Upside. Potential. Athleticism. Mahomes certainly checks a lot of boxes that would make him a highly coveted fantasy signal caller. And he will be. But in today’s NFL landscape where a savvy fantasy drafter could probably field a championship-caliber roster with any of 20 or more quarterbacks, the smart move seems to be to let somebody else gamble on those buzzwords.
Mahomes takes over a fantastic situation in an Andy Reid-coached offense that is loaded with talent. In his solo start to close out the 2017 regular season, Mahomes fared well, completing 22-of-35 passes for 284 yards and a pick. Mahomes passed his audition as Reid made him the club’s starter by shipping Alex Smith off to Washington.
At Texas Tech, Mahomes flashed plenty of that intriguing skill set that caused the Chiefs to trade up to select him at No. 10 despite having Smith in the fold. But the defenders in the NFL are far superior to anything Mahomes faced in the Big 12, and there are going to be growing pains. In fact, Mahomes has been plagued by interceptions in training camp. While this isn’t a massive concern in August, it could foreshadow that gunslinger mentality that Mahomes has is going to lead to a lot more turnovers than what the Chiefs had with the cautious Smith under center.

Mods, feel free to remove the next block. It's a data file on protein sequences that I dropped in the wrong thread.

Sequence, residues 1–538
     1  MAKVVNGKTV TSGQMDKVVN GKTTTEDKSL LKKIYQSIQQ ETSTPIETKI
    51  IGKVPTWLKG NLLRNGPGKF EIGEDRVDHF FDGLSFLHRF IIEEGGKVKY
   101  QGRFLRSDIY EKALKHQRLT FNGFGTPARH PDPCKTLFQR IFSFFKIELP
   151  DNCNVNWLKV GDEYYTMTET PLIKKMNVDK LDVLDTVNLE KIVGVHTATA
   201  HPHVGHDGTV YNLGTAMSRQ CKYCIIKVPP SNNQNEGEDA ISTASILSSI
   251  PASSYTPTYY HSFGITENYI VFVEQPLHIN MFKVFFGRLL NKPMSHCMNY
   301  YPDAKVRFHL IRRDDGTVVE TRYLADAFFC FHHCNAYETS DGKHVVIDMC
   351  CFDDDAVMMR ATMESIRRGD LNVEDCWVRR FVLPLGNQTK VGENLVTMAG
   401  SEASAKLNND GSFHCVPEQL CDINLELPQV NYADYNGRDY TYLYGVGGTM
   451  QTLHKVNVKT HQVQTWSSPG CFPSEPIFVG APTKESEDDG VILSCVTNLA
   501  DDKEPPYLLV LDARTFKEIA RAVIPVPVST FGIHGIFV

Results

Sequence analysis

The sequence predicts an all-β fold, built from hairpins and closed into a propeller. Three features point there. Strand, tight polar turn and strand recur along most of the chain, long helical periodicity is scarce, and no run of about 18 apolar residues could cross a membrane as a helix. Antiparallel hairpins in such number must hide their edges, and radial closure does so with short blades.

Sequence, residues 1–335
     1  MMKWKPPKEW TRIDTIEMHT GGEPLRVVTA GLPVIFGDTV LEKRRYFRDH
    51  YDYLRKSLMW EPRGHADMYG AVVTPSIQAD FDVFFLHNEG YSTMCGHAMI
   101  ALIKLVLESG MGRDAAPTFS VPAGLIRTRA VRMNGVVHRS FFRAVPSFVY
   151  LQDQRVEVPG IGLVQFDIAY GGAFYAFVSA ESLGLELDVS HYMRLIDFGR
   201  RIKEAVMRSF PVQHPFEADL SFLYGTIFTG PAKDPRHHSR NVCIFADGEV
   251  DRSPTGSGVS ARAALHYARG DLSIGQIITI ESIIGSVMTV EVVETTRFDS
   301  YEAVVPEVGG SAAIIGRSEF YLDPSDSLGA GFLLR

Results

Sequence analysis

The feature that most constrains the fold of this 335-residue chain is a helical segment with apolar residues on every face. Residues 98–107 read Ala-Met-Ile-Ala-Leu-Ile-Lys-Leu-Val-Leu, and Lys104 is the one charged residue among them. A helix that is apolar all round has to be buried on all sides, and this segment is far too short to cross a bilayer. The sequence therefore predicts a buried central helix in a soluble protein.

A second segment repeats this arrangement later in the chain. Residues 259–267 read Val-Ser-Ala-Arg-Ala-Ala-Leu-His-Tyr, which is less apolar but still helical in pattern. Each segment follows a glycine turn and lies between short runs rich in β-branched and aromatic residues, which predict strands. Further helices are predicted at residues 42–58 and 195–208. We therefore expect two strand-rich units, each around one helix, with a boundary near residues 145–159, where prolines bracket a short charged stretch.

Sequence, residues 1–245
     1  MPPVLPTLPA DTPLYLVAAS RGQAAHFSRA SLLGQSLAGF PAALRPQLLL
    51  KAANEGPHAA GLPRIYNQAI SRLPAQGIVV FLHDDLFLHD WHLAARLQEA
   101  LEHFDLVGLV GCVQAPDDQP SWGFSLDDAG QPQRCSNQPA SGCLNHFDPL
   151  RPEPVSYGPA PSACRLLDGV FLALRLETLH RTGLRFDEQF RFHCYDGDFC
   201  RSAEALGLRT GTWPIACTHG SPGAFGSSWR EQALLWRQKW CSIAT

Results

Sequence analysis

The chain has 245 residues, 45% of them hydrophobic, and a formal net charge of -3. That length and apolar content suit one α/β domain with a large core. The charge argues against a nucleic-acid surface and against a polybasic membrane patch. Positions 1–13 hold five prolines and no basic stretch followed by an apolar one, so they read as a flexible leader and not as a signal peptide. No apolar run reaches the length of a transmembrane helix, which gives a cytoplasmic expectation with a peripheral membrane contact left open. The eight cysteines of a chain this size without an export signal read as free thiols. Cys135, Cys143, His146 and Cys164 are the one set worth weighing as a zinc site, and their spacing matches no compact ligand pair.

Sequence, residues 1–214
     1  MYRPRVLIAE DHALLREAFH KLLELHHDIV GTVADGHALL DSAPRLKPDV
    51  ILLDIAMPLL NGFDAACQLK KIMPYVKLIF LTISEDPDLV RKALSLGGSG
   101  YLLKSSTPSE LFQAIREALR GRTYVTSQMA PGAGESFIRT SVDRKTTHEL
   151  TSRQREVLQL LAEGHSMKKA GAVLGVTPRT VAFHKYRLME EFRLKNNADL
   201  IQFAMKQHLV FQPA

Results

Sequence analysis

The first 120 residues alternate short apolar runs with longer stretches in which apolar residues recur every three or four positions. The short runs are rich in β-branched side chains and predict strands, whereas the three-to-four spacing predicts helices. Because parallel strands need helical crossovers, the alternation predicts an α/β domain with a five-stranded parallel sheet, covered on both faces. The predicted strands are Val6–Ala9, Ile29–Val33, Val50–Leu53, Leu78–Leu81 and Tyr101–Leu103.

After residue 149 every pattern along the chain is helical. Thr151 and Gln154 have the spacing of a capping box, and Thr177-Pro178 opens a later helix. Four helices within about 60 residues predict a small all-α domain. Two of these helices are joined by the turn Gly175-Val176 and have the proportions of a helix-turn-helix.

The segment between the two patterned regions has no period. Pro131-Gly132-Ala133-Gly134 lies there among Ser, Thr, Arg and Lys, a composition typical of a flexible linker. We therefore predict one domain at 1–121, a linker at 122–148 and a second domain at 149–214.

Overall, I like Mahomes as a pro prospect, but think that he could be wildly inconsistent. There will be huge games where he’ll make big plays with his arm and legs, and games where nothing seems to go right, which is quite typical for a young signal-caller. Let someone else take a gamble on that upside and happily take Ben Roethlisberger or Philip Rivers as your starter.
Alex Smith (WAS) QB18
The man that Washington chose as the heir apparent to Kirk Cousins is coming off of the finest campaign of his career. Smith set career-best marks in almost every passing category last season. As he enters Jay Gruden’s system, Smith seems to be poised to put up another strong year with a talented Washington offense. Now entering his 14th season, 2017 sticks out as classic “career year” for Smith. After averaging a mediocre 17.25 touchdowns from 2009-2016, Smith exploded up to a career-high 26 TD tosses last season, which was a 66-percent leap over the norm he’d established in the prior eight seasons.